Embracing change can be challenging. Anyone who has tried to alter their diet, break a bad habit, or add more exercise to their day can attest to this. Yet for many patients with chronic illness, lifestyle modifications are an important element on the path to wellness that may have huge impacts on clinical outcomes. Some estimates suggest that up to 40% of patients do not adhere adequately to clinician instructions, with the rate rising to 70% or more when significant lifestyle modification or complex behavior changes are recommended.1 How can clinicians help their patients fully embrace lifestyle change?
A 2020 prospective cohort study suggests that adherence to a healthy lifestyle at mid-life is associated with a longer life expectancy free of major chronic diseases like cancer, diabetes, and cardiovascular diseases.2 The life expectancy free of diabetes, cardiovascular diseases, and cancer at age 50 was 23.7 years (95% confidence interval 22.6 to 24.7) for women who adopted no low risk lifestyle factors, in contrast to 34.4 years (33.1 to 35.5) for women who adopted four or five low risk factors. At age 50, the life expectancy free of any of these chronic diseases was 23.5 (22.3 to 24.7) years among men who adopted no low risk lifestyle factors and 31.1 (29.5 to 32.5) years in men who adopted four or five low risk lifestyle factors.2 The low risk lifestyle factors included: never smoking, body mass index 18.5-24.9, moderate to vigorous physical activity (≥30 minutes/day), moderate alcohol intake (women: 5-15 g/day; men 5-30 g/day), and a higher diet quality score (upper 40%).
Establishing and maintaining a strong, empathic relationship with the patient may be the most crucial factor for his or her success in the long-term with lifestyle changes such as weight loss, tobacco cessation, and increased activity level.3,4 Some questions clinicians may want to consider prior to developing a plan for lifestyle change include:
- Is your patient ready to consider this change?
- What might your patient need to give up in order to embrace change?
- What barriers might your patient face that might discourage lifestyle change?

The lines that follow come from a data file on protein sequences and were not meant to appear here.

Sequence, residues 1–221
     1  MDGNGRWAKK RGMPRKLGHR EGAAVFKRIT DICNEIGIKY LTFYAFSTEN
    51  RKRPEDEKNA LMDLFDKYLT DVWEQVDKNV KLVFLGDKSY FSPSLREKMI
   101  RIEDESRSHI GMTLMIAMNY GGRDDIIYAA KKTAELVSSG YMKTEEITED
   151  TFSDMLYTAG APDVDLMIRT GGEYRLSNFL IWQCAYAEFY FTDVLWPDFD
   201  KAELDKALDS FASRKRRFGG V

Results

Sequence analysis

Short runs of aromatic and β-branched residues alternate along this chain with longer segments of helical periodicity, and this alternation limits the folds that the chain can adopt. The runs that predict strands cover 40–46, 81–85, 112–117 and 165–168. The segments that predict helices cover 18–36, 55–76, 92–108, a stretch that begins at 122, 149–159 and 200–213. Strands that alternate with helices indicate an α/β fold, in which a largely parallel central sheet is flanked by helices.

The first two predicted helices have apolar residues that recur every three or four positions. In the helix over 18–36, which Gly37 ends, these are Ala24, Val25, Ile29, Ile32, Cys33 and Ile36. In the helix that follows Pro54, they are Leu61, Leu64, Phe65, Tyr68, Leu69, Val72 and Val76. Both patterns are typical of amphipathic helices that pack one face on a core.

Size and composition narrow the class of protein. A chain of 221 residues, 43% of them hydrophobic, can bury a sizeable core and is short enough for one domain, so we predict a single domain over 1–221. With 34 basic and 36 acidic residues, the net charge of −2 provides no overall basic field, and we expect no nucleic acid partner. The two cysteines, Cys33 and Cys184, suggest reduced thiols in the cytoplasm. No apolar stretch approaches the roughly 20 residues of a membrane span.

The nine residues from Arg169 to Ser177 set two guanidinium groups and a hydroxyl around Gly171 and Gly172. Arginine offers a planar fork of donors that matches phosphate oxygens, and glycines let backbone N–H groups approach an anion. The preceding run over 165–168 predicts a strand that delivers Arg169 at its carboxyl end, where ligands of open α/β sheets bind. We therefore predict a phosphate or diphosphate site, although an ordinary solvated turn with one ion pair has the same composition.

- How has your patient successfully changed behavior in the past?1
A health provider can play a critical role in this process by increasing patient awareness through a collaborative approach to sharing information, education, and personal feedback. The functional medicine model was developed, in part, to do just this. Functional medicine is grounded in a strong patient/provider relationship. Specific tools—like the IFM Timeline and Matrix—help the practitioner understand the course of the patient’s life as seen through the lens of health and disease. Often, disease occurs when fundamental lifestyle factors like diet, movement, rest, and/or sleep are lacking or imbalanced in an individual’s life.
However, patients with chronic conditions may already be overwhelmed by burdensome illnesses and treatments and have a difficult time incorporating behavioral modifications into their daily routine. Lifestyle goals and targets can be tailored to patients’ preferences and progress while building confidence in small steps.5 More often than not, behavioral change occurs gradually over time. Patients who are mindful of their decision-making when it comes to lifestyle change, and who are more conscious of the benefits of changing an unhealthy behavior, may find it easier to adhere to clinician-prescribed behavior modification.1 IFM offers a range of tools—like the IFM Food Plan and Elimination Diet—to guide the practitioner in designing a personalized treatment plan that helps the patient achieve an optimal outcome.
Integrating the simple strategies of modifiable lifestyle factors and monitoring progress in a healthcare plan may improve patient responsibility and increase overall health and well-being. In the following video, attendees of IFM’s foundational course, Applying Functional Medicine in Clinical Practice (AFMCP), explain how the conference provides the basis for understanding patient motivation:
AFMCP is a different kind of medical conference, where practitioners learn proven techniques for helping patients follow treatment plans. Using case-based, interactive presentations, expert educators engage attendees in real-world situations and demonstrate proper use of a suite of clinical tools that help improve patient outcomes. For more information about AFMCP and other research on the importance of lifestyle change, please visit the following pages:
- Stonerock GL, Blumenthal JA. Role of counseling to promote adherence in healthy lifestyle medicine: strategies to improve exercise adherence and enhance physical activity. Prog Cardiovasc Dis. 2017;59(5):455-462. doi:1016/j.pcad.2016.09.003
- Li Y, Schoufour J, Wang DD, et al. Healthy lifestyle and life expectancy free of cancer, cardiovascular disease, and type 2 diabetes: prospective cohort study. BMJ. 2020;368:l6669. doi:1136/bmj.l6669
- Brandt CJ, Søgaard GI, Clemensen J, Søndergaard J, Nielsen JB. Determinants of successful eHealth coaching for consumer lifestyle changes: qualitative interview study among health care professionals. J Med Internet Res. 2018;20(7):e237. doi:2196/jmir.9791
- Brandt CJ, Clemensen J, Nielsen JB, Søndergaard J. Drivers for successful long-term lifestyle change, the role of e-health: a qualitative interview study. BMJ Open. 2018;8(3):e017466. doi:1136/bmjopen-2017-017466
- Koenigsberg MR, Corliss J. Diabetes self-management: facilitating lifestyle change. Am Fam Physician. 2017;96(6):362-370.